Joachim Koester’s Day for Night from 1996 is a series of 35 photos documenting scenes from Freetown Christiania in Copenhagen, devoid of people and with a cinematic blue-tone tint that makes day-time appear like night-time.
Freetown Christiania seen through a filter
Day for Night, which was shot the year of Christiania’s 25th anniversary, is a manifestation of the notion of control versus freedom, fiction versus reality and other contrasts that are essential to the communal freetown. In the photos, the colourful crowds that most associate with Christiania have been replaced by an air of night-time solitude due to the blue tone. In fact, all the photos were shot in bright sunlight and thus demonstrate Koester’s unique ability to use photography to question the mysterious narrative power of abandoned places as a part of our common history.
Together for the first time
‘Koester’s photo series, which is now collated into a unified work of art for the first time after having been sold as separate editions, is an absolutely unique supplement to our already extensive collection of art photography,’ says Museum Director Holger Reenberg and adds,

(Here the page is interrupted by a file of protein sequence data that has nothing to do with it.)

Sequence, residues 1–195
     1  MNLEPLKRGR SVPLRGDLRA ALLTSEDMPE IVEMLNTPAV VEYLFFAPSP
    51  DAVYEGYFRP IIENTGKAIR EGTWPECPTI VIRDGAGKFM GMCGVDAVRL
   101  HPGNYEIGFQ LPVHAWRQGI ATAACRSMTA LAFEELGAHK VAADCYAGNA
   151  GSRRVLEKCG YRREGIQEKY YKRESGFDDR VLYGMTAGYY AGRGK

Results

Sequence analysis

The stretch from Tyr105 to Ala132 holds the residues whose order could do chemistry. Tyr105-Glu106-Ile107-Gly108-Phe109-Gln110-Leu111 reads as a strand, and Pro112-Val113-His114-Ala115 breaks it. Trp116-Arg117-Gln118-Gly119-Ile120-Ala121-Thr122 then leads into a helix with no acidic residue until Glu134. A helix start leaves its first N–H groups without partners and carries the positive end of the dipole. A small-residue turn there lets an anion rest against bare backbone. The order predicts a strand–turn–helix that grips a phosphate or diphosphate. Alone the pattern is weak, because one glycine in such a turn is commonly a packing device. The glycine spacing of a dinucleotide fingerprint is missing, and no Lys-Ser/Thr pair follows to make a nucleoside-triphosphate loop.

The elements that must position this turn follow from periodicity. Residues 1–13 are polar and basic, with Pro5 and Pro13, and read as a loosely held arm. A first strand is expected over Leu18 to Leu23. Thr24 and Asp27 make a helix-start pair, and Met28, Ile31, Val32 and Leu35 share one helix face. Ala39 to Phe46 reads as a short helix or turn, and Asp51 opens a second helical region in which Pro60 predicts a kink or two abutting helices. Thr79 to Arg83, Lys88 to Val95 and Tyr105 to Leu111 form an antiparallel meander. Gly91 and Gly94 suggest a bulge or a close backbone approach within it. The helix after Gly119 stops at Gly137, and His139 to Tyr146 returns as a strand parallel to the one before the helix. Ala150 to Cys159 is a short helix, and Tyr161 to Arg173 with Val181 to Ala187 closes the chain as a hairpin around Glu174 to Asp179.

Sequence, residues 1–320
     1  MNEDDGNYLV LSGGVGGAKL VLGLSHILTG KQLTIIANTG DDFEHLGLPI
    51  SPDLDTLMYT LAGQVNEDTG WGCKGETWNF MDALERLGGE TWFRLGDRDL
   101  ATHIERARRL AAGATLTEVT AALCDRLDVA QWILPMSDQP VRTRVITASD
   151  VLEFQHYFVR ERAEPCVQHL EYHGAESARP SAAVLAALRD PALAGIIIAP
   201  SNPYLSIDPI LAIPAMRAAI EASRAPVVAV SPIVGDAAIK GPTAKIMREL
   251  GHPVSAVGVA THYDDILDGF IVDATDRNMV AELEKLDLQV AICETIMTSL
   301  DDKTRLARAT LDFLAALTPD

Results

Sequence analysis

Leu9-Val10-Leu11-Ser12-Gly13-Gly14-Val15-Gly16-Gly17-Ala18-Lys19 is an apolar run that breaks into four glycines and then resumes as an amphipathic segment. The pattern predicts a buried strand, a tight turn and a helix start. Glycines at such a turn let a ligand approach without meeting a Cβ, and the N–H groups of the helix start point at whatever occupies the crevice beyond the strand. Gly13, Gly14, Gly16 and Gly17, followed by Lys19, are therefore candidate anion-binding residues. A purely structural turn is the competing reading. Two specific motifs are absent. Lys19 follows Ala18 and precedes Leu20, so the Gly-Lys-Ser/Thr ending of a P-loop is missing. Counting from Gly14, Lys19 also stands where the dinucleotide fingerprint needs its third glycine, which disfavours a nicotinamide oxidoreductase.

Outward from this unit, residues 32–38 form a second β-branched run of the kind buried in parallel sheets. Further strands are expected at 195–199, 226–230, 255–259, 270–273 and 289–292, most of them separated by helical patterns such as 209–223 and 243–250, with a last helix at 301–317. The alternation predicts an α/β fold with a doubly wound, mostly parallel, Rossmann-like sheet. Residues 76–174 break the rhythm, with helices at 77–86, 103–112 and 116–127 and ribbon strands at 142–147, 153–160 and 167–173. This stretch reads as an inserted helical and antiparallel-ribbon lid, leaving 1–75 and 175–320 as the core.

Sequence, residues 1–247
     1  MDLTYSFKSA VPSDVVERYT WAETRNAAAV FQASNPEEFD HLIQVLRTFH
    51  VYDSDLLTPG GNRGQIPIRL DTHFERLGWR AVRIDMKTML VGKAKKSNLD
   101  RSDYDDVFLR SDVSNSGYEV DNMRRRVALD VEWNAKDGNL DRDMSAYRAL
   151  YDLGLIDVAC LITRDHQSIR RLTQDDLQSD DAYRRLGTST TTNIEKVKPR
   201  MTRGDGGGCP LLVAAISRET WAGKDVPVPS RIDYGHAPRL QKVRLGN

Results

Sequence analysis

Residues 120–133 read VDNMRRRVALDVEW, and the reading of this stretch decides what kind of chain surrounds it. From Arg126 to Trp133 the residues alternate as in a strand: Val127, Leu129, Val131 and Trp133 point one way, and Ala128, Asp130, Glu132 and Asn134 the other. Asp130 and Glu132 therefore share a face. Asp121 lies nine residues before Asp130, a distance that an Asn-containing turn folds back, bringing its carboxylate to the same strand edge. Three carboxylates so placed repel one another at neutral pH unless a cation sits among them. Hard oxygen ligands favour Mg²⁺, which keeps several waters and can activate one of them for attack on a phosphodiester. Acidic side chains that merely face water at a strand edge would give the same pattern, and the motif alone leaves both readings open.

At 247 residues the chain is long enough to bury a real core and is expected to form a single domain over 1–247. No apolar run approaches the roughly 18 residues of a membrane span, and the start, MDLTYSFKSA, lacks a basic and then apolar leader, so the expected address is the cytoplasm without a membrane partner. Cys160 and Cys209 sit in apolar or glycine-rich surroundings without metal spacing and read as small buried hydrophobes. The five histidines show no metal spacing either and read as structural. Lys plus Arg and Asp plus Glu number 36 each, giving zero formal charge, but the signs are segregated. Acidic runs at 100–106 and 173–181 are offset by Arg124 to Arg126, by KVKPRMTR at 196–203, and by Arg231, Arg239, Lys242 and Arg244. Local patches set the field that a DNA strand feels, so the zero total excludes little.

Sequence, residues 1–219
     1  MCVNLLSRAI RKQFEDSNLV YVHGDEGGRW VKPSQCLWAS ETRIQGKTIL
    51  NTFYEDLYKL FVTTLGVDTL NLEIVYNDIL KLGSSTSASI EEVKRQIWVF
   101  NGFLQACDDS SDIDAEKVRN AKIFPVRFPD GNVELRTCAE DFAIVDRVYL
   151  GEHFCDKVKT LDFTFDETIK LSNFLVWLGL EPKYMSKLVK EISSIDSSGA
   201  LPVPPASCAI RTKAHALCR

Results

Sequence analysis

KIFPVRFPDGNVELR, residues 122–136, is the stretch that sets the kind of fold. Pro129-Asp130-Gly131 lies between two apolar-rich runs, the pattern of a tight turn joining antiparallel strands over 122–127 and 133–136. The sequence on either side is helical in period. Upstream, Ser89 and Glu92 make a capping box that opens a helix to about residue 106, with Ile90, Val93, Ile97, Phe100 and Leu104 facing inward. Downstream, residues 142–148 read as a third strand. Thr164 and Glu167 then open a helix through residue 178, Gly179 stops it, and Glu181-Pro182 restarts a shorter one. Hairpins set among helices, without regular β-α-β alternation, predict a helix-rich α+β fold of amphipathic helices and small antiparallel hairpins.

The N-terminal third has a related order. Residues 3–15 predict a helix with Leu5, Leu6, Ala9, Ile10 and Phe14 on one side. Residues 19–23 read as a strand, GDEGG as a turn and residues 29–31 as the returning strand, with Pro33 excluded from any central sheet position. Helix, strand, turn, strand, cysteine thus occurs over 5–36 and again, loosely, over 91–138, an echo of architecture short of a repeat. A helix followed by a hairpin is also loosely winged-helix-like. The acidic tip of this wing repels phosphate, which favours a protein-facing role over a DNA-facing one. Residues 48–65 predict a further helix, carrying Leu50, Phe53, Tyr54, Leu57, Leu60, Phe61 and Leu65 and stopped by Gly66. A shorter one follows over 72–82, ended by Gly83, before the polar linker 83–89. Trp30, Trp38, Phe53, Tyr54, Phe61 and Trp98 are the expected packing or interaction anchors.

‘In a stroke of serendipity for HEART, the artist William Skotte Olsen’s extensively decorated mobile hut, which is also part of our collection, is featured in one of the photographs and thus ties the works together across the different media.’
A particular sensibility
‘Day for Night is an early principal piece in Joachim Koester’s work and introduces a particular sensibility, a particular gaze that has since been manifested in his wide-ranging practice. We are therefore delighted that the complete photo series has now been included in a museum collection,’ says Christine Buhl Andersen, chairwoman of the New Carlsberg Foundation.
Day for Night is shown at HEART for the first time in the exhibition ‘Fabelagtigt’ (Fabulous), a curated selection of works from the museum’s permanent collection, which opens on 19 September.